Thank you so much! I started a clothing label on a whim in my early 20s whilst studying fashion in Melbourne. I was dirt poor, so started making 1950s style dresses out of fabric from op shops and selling them at markets. I had a great response, so opened up an Etsy shop and things really took off.

I have since started a label with my husband, which comprises both handmade and vintage clothing. We strive to find balance in the cost of ethical handmade production in a world which choses “fast fashion”. We make all of our garments in-house, from start to finish, and while we have received a great response and support, we still receive criticism of price points considering that we barely break even. Unfortunately I don’t think our generation is educated in the true cost of quality materials and labour. However it is not all doom and gloom, and as we are so passionate about both our creativity and hand finished clothing we keep striving, both working full time jobs in order to fund our creative baby.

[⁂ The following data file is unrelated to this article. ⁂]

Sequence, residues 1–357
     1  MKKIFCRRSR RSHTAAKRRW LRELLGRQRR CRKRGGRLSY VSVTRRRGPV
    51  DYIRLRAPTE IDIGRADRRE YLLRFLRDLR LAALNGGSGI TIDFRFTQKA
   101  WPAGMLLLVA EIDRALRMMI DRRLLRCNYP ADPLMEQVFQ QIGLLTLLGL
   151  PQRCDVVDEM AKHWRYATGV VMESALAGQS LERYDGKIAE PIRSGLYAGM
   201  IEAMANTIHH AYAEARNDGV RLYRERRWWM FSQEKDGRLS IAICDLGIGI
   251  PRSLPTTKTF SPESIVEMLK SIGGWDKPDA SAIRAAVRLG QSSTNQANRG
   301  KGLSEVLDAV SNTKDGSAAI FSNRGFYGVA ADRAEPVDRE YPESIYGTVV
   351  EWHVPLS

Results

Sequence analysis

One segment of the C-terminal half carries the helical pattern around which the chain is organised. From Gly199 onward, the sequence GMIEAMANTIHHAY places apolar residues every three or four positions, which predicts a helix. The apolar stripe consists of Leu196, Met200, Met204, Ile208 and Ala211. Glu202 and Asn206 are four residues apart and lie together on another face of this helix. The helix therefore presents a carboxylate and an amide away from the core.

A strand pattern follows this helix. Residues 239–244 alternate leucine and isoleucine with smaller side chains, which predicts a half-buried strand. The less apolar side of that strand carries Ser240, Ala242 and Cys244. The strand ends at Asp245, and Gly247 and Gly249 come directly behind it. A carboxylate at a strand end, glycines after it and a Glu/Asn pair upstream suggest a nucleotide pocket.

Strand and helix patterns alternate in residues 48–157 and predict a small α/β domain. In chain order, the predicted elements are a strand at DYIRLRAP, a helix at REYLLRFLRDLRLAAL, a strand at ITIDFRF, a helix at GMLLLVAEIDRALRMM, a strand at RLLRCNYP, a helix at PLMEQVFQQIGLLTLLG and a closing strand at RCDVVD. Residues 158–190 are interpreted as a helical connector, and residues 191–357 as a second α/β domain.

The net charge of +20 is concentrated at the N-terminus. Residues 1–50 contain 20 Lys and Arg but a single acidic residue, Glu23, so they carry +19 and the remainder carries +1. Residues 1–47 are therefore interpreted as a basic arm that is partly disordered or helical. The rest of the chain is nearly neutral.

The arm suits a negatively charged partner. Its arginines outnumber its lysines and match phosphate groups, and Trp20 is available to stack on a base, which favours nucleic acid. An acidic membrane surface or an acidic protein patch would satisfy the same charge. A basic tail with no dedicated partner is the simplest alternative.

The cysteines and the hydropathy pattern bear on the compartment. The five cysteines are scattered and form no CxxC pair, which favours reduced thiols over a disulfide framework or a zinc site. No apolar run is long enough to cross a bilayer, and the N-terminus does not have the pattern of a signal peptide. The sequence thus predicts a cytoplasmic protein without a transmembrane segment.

Where do you find yourself most inspired ​- ​or gain inspiration from?​ ​

My brain is such a bizarre rolodex, full of the most abstract references and inspirations, so I find myself constantly jumping between multiple points of inspiration. I also draw a lot of fresh influence from old films, costume exhibitions and beautiful coffee table books full of art and fashion, of which we have a lot! I have found in my study and career that barriers are built up between the worlds of fashion and costume. Thanks to my eclectic taste, I like to break down these walls when it comes to my own style, often taking costumes from all eras as a point of fashion reference. One of my favourite examples would be the French follies costumes of the 1920s. Mash this with Liza’s crazy makeup in the 1972 Cabaret and you have John Galliano 2006 dream!